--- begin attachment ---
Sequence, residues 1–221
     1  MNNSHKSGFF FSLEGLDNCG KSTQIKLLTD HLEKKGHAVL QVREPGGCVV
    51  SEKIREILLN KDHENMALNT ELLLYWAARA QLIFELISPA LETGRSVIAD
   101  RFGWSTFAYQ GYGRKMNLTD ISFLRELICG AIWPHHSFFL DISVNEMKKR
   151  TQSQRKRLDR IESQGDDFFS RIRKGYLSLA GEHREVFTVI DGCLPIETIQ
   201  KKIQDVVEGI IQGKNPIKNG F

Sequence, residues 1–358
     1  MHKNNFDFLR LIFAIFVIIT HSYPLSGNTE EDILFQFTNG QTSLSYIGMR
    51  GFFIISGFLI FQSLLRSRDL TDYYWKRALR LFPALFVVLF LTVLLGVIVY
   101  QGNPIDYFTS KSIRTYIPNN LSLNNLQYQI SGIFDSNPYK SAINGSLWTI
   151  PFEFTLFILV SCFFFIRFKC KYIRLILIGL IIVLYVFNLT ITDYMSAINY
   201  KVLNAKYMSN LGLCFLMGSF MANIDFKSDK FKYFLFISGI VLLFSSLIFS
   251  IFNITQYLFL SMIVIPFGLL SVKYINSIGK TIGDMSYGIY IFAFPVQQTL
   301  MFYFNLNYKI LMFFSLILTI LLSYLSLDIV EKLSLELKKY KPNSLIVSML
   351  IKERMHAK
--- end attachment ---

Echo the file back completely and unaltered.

Sequence, residues 1–221
     1  MNNSHKSGFF FSLEGLDNCG KSTQIKLLTD HLEKKGHAVL QVREPGGCVV
    51  SEKIREILLN KDHENMALNT ELLLYWAARA QLIFELISPA LETGRSVIAD
   101  RFGWSTFAYQ GYGRKMNLTD ISFLRELICG AIWPHHSFFL DISVNEMKKR
   151  TQSQRKRLDR IESQGDDFFS RIRKGYLSLA GEHREVFTVI DGCLPIETIQ
   201  KKIQDVVEGI IQGKNPIKNG F

Sequence, residues 1–358
     1  MHKNNFDFLR LIFAIFVIIT HSYPLSGNTE EDILFQFTNG QTSLSYIGMR
    51  GFFIISGFLI FQSLLRSRDL TDYYWKRALR LFPALFVVLF LTVLLGVIVY
   101  QGNPIDYFTS KSIRTYIPNN LSLNNLQYQI SGIFDSNPYK SAINGSLWTI
   151  PFEFTLFILV SCFFFIRFKC KYIRLILIGL IIVLYVFNLT ITDYMSAINY
   201  KVLNAKYMSN LGLCFLMGSF MANIDFKSDK FKYFLFISGI VLLFSSLIFS
   251  IFNITQYLFL SMIVIPFGLL SVKYINSIGK TIGDMSYGIY IFAFPVQQTL
   301  MFYFNLNYKI LMFFSLILTI LLSYLSLDIV EKLSLELKKY KPNSLIVSML
   351  IKERMHAK